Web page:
Not only are there technical limitations (setup, security, acoustics), but there’s also a strong human factor. Dubbing is a very collaborative and creative practice and it’s essential that all parties involved (voice talents, artistic directors, sound engineers and the like) be able to work together seamlessly as if they were physically together in a sound studio. On top of that, not all actors have adequate equipment at home — or even a quiet room where they can record — and this was another factor that needed to be taken into account when defining a strategy for remote recording. Moreover, in some countries remote dubbing was even banned by unions — both to avoid discrimination against voice talent without equipment and due to quality concerns.
The goal of this report is to analyze how the different levels of the media localization industry have been impacted by the COVID-19 lockdown measures, the challenges that various stakeholders have faced during these uncertain times, and the solutions put in place for remote recording. Moreover, this study seeks to understand the long-term effects this disruption may have in the industry. In order to achieve this, we carried out interviews with various stakeholders in the dubbing process, including:
This approach allowed us to analyze the subject of remote recording from a variety of different perspectives. The insights provided in this report will help the reader understand both the implications of remote recording and how to adapt the workflows in a successful way, while learning from experienced companies.
The software solutions analyzed as part of this report are:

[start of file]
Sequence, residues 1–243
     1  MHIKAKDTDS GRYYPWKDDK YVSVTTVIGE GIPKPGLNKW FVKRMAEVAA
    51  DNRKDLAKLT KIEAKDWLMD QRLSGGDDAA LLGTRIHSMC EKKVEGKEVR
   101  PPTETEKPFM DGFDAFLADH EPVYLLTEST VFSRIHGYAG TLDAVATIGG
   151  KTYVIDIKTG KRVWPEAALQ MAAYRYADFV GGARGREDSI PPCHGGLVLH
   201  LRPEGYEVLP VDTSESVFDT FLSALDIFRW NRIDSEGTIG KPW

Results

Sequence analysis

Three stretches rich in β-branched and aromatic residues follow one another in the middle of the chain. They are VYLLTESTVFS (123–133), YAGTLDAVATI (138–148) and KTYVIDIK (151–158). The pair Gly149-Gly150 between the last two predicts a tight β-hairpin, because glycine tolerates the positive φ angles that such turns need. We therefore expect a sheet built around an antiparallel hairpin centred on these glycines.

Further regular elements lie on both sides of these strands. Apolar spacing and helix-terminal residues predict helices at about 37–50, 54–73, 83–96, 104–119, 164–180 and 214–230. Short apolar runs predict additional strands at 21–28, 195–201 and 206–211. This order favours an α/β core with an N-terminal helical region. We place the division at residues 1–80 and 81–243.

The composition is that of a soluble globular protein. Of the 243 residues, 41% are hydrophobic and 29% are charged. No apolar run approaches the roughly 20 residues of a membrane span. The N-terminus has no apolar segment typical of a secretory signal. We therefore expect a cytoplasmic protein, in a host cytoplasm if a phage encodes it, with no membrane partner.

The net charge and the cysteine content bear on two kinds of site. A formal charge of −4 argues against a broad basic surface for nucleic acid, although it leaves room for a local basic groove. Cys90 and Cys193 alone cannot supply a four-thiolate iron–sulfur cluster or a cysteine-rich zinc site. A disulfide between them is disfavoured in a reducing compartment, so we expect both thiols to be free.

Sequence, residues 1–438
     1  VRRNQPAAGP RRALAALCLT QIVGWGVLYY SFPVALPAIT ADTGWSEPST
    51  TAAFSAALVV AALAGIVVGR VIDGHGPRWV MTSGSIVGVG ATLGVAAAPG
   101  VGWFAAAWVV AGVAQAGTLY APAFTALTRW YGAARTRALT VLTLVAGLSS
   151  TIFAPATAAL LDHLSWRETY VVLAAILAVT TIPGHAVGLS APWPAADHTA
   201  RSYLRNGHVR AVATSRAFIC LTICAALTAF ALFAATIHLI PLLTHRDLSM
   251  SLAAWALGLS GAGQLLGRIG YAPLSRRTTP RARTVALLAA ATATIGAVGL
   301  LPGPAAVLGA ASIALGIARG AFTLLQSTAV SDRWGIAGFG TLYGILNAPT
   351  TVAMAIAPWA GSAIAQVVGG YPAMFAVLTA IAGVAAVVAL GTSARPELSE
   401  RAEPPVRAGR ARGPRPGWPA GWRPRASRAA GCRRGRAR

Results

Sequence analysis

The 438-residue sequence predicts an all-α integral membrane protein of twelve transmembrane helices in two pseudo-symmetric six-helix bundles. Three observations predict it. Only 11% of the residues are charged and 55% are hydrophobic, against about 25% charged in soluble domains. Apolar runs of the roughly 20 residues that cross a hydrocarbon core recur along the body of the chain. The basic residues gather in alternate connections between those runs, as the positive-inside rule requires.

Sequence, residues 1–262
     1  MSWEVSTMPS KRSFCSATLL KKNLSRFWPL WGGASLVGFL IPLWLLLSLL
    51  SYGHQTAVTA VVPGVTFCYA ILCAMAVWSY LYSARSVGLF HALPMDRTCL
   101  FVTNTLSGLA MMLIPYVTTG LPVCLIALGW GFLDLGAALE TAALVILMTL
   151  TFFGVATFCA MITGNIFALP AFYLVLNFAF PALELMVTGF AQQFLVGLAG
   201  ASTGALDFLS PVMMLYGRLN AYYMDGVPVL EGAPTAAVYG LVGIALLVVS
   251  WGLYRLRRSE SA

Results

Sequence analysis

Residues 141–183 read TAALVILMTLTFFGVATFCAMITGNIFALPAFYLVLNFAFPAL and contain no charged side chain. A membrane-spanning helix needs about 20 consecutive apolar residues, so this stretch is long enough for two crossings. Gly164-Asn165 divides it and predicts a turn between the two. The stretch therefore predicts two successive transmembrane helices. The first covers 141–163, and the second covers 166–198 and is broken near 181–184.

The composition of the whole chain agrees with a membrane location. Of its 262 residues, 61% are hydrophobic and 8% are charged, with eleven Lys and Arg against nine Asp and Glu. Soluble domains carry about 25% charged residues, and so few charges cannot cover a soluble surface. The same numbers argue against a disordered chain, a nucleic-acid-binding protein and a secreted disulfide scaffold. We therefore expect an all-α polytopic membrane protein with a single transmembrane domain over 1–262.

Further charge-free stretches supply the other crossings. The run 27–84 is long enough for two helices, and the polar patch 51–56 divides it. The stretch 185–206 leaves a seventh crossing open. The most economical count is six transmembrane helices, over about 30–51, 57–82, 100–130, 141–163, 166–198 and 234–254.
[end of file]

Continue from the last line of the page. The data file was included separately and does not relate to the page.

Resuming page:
This report will be of particular interest to:
Quality and security are the main concerns for content distributors. The risks of remote recording on dubbing operations need to be minimized through the use of a solid solution and strategy.
Subtitling is not a solution for countries that have traditionally dubbed all content. Viewers who are used to dubbing find subtitles to be disruptive to their viewing experience.
Enabling collaboration between the creative team is the cornerstone of remote recording. Voice talents, artistic directors, and sound engineers need to work together to ensure the quality of the recordings.
When creating a remote recording solution, caring about the creative community and all the stakeholders involved in the dubbing process is necessary to successfully implement an appropriate solution. A user-centred approach is the way to go.
Voice talents’ income have been heavily impacted by the COVID-19 crisis, as they were unable to work for months. An immediate investment in new home recording equipment was not a possible solution for many talents. Empathy and understanding is key to moving forward during uncertain times.
Remote recording will have lasting innovative uses beyond the COVID era. The extreme situation of our times has spurred the creativity of stakeholders who are already using this technology in other ways.
Special thanks go to the people who have contributed valuable information and insights to this report:
With a pandemic raging across the globe neither subtitling nor in-person recording was a viable option. Studios set their sights on building a remote recording framework. However, as the need for remote recording became more apparent, so too did the challenges that implementing it would pose.